Seeing the world in terms of our personal projects or “extended sets of action in context” offers great insights into people’s nature.  I firmly recommend anyone interested in this area to read the book “Personal Project Pursuit.”  While I will refer to some of its material here, there are also some new concepts that I introduce around it.  Brian Little and his co-writers have created something more in my eyes than a tool for analysing people’s character, they have identified a very natural way to understand our activities that we can all inately relate to.  We all have large and small projects that run simultaneously, such as go shopping, pursue a life path, build relationships, ensure we get enough  to eat and sleep, and sometimes we start new ones or move on.  Where I go beyond the existing concept is to create a new construct of three selves, to provide a translation framework into the world of management and organisation.

Frogs tadpoles and plops

Personal projects involve us in three ways; resourcing them, our self-identity with them, and what they tell the world about us.  Any functioning project, personal or otherwise, requires time and effort to “resource” them.  If a project isn’t resourced then it is simply wishful thinking.  Each personal project uses a new instance of us, which I call our “resource self.”  Sometimes the project involves only thoughts and words from our resource self and sometimes it involves all of our ideas, capabilities and relations to achieve it.  If we struggle or prosper in our projects we develop opinions about who we are, and we combine these with the acknowledgement of others, to build an “identity self.”  Not every personal project is close to our hearts (e.g. compare the student studying for exams to the one going out with friends).  The personal pleasure we draw from them is key to our identity, but what about other people?  People can never really see each other’s full identity.  Instead they draw inferences about who we are from visible attributes of our projects.  Our personal projects become “public projects” that are sometimes quite different to the inner dialogue that is really going on.   This leads people to build new identities for us, not one that we might necessarily agree with, but an “organisational self” they construct by making associations with our projects.  There will be at least as many of these as observers.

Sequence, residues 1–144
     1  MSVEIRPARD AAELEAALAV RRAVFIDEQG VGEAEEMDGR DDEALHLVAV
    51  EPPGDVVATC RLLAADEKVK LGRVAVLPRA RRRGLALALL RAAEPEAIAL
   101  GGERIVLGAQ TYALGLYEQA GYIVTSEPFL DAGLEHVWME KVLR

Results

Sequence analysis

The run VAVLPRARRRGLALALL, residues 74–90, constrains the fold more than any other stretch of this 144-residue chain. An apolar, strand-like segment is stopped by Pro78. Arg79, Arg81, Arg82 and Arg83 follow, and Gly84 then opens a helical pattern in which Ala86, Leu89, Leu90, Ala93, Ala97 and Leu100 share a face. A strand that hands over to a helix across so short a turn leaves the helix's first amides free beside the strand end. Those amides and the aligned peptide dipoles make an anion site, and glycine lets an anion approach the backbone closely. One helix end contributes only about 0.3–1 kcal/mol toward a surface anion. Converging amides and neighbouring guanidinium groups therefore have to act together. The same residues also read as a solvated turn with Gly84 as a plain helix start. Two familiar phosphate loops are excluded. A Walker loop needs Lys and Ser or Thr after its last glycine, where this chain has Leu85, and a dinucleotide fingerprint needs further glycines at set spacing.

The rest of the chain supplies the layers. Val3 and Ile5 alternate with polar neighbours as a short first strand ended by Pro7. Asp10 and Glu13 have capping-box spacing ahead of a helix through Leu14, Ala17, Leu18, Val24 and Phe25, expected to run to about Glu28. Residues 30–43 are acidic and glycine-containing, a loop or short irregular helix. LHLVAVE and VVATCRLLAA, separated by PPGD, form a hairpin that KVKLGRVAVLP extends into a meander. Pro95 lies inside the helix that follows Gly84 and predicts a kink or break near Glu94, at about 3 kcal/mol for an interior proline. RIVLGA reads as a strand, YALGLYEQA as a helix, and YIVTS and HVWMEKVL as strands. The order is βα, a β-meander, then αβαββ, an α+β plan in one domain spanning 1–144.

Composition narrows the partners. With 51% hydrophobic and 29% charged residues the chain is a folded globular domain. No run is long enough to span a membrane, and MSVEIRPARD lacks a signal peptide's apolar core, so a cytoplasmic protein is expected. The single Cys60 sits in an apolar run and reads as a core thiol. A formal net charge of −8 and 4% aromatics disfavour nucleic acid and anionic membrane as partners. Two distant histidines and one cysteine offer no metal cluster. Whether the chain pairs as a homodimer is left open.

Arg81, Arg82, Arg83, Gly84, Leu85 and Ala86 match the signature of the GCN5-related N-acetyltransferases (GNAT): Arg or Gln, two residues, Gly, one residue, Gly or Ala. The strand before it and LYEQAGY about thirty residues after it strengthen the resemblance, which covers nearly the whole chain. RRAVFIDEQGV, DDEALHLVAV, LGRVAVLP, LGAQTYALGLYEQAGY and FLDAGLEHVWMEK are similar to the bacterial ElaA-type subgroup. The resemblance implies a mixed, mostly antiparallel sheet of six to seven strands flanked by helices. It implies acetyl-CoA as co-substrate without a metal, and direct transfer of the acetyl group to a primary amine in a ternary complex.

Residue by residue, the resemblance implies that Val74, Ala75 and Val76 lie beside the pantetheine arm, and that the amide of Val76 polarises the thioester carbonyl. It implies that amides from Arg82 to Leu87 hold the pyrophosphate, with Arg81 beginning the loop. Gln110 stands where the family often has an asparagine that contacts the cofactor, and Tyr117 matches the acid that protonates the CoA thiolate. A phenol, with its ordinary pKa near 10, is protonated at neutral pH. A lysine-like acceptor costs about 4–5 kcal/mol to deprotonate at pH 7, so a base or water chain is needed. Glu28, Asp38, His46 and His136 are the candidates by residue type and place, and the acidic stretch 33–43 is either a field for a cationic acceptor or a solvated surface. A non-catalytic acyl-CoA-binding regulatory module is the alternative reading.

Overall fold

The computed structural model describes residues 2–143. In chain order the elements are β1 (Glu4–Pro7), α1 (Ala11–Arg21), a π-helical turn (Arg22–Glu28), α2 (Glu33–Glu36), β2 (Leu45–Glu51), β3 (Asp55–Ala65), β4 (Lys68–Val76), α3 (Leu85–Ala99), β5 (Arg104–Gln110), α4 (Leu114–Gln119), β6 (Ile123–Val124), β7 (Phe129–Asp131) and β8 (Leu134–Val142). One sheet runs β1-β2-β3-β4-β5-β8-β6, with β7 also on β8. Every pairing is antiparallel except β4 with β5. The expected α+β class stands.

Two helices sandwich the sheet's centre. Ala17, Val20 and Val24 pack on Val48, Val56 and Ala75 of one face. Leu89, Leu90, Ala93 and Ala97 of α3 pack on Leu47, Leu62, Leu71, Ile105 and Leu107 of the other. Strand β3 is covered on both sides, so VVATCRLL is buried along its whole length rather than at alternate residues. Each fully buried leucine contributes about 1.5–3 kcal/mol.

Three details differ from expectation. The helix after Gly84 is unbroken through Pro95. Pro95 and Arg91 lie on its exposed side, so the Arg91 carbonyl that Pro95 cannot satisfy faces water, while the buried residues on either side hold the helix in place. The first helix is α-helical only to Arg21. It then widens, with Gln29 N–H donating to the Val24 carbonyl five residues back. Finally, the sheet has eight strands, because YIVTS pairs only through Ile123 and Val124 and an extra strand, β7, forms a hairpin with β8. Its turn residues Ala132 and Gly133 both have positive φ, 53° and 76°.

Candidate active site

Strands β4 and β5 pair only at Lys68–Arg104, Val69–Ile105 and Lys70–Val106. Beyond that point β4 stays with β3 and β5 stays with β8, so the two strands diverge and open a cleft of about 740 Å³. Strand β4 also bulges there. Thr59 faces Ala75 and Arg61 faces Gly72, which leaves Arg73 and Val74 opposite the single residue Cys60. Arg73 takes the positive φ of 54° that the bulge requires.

Tadole projects reach alignmentThese units are linked to experts like Edgar Schein, Peter Senge, Daniel Kahneman, Karl Weick and others.  To link them an important question is posed: “what if these writers expressed themselves in terms of personal projects?”  In answering this question, my intention is not to create a dry work of academic study; the blog will also be based on ideas from my own inner life and experience and is eventually aimed at creating something new, even occasionally straying into more artistic ways of addressing issues.  The reason is simple for this; it seems to me more fun.